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Introduction to Optical Burst Switching

  • T. Venkatesh
  • C. Siva Ram Murthy
Chapter

Abstract

The ever-increasing demand for higher bandwidth due to the growth of bandwidth-intensive applications such as remote information access, video-on-demand, video conferencing, online trading, and other multimedia applications motivated the search for alternatives to traditional electronic networks. Wavelength division multiplexing (WDM) is one such technology developed to handle the future bandwidth demands [52, 70]. In WDM networks, the huge bandwidth offered by a fiber is managed by splitting it into a number of wavelengths, each acting as an independent communication channel at a typical data rate of 10 Gbps. These networks are able to provide over 50 Tbps bandwidth on a single fiber. Characteristics such as low attenuation of signals (0.2 dB/km), extremely low bit error rates, i.e., fraction of bits that are received in error (10−12 in fiber whereas it is 10−6 in copper cables), low signal distortion, and free from being tapped (as light does not radiate from the fiber, it is nearly impossible to tap into it secretly without detection) are the additional advantages.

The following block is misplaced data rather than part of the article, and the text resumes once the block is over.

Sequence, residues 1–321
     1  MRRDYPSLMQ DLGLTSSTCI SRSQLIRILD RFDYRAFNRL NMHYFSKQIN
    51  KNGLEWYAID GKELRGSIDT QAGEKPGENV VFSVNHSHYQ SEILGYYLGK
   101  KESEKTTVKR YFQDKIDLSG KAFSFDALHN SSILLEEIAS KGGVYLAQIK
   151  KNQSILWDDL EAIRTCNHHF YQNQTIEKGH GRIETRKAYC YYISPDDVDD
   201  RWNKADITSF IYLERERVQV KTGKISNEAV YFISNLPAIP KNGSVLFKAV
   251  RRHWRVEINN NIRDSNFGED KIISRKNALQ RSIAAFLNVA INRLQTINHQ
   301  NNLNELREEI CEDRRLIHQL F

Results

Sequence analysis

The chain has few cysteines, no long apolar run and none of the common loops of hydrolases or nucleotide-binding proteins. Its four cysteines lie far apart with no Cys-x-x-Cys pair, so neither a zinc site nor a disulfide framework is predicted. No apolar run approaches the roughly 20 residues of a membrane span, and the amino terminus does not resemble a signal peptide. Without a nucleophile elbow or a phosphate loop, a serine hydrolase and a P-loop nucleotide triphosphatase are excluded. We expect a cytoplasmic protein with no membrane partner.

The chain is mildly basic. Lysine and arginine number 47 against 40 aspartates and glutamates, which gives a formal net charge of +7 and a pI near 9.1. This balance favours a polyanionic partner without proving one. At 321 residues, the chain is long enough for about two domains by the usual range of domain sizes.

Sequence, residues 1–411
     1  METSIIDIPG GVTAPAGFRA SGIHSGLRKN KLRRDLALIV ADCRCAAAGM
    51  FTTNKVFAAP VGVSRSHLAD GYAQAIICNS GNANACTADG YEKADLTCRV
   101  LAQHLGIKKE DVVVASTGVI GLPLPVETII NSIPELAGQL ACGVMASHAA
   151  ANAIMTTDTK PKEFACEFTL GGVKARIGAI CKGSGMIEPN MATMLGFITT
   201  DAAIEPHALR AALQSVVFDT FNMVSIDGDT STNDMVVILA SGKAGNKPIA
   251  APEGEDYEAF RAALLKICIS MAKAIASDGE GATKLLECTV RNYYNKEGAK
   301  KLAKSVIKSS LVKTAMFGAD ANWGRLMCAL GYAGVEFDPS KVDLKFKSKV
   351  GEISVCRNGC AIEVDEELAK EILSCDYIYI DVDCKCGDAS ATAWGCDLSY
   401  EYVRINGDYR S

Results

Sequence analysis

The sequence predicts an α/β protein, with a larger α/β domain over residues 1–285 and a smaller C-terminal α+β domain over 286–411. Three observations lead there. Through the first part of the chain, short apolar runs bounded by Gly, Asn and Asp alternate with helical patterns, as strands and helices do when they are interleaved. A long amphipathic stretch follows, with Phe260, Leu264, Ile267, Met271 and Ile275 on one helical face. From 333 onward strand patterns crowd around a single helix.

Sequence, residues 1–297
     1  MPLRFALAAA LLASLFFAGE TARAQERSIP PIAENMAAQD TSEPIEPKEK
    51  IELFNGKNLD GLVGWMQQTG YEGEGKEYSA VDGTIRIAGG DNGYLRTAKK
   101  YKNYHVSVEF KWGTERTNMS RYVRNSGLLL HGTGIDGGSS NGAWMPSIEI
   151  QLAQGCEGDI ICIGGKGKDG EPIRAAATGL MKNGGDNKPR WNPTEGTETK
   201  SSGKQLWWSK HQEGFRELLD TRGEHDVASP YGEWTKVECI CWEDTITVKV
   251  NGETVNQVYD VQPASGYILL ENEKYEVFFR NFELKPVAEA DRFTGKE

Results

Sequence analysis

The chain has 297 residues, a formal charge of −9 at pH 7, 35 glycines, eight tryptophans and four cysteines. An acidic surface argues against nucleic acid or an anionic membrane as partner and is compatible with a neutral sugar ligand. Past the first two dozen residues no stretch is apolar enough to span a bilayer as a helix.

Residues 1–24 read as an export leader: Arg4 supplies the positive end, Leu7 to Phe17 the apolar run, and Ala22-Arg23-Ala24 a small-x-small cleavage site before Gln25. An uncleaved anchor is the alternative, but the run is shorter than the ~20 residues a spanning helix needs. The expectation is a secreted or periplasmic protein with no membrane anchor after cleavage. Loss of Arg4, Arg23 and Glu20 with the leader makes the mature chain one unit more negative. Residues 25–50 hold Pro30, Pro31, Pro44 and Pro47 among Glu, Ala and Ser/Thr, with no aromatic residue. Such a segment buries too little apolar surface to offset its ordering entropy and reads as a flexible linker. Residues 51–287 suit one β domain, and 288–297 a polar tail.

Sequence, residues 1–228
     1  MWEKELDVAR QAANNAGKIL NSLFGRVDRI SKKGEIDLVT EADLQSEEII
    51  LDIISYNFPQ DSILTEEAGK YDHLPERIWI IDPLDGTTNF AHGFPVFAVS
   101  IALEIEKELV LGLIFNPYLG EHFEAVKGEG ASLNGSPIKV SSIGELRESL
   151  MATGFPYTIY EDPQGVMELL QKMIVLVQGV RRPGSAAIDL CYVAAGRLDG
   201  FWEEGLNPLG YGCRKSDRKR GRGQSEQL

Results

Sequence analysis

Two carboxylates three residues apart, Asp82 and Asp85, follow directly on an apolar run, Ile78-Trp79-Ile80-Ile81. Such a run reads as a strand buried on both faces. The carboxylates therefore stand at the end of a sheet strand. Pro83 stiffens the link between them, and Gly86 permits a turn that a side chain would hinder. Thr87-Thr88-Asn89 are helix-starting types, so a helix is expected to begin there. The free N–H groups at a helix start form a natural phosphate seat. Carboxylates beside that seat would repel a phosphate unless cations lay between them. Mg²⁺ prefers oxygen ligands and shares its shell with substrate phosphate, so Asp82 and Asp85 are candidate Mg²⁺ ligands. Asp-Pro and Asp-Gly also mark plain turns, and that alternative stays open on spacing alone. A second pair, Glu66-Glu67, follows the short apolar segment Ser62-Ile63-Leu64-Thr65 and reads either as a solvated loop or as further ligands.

Keywords

Transmission Control Protocol Session Initiation Protocol Optical Burst Switching Core Node Edge Node 
These keywords were added by machine and not by the authors. This process is experimental and the keywords may be updated as the learning algorithm improves.

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Copyright information

© Springer Science+Business Media, LLC 2010

Authors and Affiliations

  1. 1.Department of Computer Science and EngineeringIndian Institute of TechnologyGuwahatiIndia
  2. 2.Department of Computer Science and EngineeringIndian Institute of TechnologyChennaiIndia

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